Ranked: The Most Popular Subscription News Websites
While paywalls are becoming increasingly more popular among news websites, most consumers still aren’t willing to pay for their online news.
In fact, a recent survey by the Reuters Institute for the Study of Journalism reveals that only 20% of Americans pay for digital news, and of those that do, the majority subscribe to only one brand.
This begs the question—which news outlets are audiences willing to pay for?
Using data from FIPP and CeleraOne, this graphic looks at the most popular news websites across the globe, based on their total number of paid subscriptions.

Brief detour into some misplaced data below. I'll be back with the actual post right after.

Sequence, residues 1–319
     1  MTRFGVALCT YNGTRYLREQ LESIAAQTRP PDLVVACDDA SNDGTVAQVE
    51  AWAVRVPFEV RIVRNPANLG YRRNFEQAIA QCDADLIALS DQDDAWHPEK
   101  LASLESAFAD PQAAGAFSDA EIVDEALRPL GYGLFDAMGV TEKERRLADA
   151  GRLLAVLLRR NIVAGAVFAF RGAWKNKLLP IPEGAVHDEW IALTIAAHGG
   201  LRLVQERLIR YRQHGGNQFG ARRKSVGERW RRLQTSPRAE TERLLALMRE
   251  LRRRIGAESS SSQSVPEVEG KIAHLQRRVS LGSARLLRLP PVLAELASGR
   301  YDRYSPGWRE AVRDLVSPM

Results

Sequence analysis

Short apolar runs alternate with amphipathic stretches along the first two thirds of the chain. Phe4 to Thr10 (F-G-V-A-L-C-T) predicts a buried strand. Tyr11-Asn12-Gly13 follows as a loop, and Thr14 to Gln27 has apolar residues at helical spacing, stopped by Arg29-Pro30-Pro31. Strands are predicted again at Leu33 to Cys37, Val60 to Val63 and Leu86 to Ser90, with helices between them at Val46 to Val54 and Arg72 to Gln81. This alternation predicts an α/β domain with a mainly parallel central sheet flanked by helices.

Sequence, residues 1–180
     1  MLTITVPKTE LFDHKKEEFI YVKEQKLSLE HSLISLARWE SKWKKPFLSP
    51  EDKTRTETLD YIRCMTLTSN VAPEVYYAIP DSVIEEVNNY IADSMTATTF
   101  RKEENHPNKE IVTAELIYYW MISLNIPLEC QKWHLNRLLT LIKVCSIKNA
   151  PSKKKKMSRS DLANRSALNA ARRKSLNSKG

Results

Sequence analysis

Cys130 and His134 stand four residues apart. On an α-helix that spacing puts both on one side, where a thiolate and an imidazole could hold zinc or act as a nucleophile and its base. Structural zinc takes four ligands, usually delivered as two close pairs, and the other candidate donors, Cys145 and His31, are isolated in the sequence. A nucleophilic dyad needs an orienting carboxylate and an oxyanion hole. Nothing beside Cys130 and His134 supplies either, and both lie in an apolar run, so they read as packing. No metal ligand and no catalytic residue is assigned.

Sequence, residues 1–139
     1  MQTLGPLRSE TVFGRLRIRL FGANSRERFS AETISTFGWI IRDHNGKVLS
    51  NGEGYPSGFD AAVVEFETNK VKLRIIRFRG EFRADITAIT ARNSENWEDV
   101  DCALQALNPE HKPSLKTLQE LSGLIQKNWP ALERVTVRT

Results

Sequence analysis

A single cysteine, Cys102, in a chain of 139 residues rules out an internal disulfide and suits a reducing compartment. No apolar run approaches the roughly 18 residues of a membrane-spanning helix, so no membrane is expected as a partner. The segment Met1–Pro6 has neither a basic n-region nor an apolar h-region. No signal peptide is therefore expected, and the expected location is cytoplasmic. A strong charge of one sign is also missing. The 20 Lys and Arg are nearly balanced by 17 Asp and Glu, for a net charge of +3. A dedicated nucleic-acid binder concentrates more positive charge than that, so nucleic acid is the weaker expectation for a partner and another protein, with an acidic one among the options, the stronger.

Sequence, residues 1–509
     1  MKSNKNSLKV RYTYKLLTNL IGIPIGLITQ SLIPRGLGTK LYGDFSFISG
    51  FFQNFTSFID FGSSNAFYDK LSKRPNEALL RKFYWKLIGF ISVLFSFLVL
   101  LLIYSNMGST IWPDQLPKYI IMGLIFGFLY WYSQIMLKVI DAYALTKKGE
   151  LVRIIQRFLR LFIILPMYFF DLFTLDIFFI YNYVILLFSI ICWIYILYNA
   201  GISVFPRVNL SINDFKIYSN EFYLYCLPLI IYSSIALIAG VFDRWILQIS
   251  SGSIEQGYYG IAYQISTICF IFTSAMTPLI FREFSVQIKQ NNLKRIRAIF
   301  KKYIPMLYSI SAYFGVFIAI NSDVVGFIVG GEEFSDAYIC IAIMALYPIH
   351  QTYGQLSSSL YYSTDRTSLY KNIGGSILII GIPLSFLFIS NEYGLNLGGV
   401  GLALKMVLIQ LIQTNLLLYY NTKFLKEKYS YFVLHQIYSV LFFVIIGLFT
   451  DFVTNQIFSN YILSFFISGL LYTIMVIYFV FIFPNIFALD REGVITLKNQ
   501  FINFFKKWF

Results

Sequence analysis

*Note: This report relies on publicly available data, and should not be considered an exhaustive list.
The Full Breakdown
With 7.5 million subscriptions, The New York Times (NYT) takes the top spot on the list. 2020 was an exceptionally strong year for the outlet—by Q3 2020, the NYT had generated the same amount of revenue from digital subscriptions as it had for the entire year of 2019.
|1||🇺🇸 The New York Times||7,500,000|
|2||🇺🇸 The Washington Post||3,000,000|
|3||🇺🇸 The Wall Street Journal||2,400,000|
|4||🇺🇸 Game Informer||2,100,000|
|5||🇬🇧 Financial Times||1,100,000|
|6||🇺🇸 The Athletic||1,000,000|
|7||🇬🇧 The Guardian||790,000|
|9||🇬🇧 The Economist||516,000|
|12||🇬🇧 The Sunday Times||337,000|
|13||🇬🇧 The Telegraph||320,000|
|14||🇺🇸 The Atlantic||300,000|
|15||🇮🇹 Corriere Della Sera||300,000|
|16||🇫🇷 Le Monde||300,000|
|17||🇺🇸 The Boston Globe||270,000|
|18||🇦🇷 La Nacion||260,000|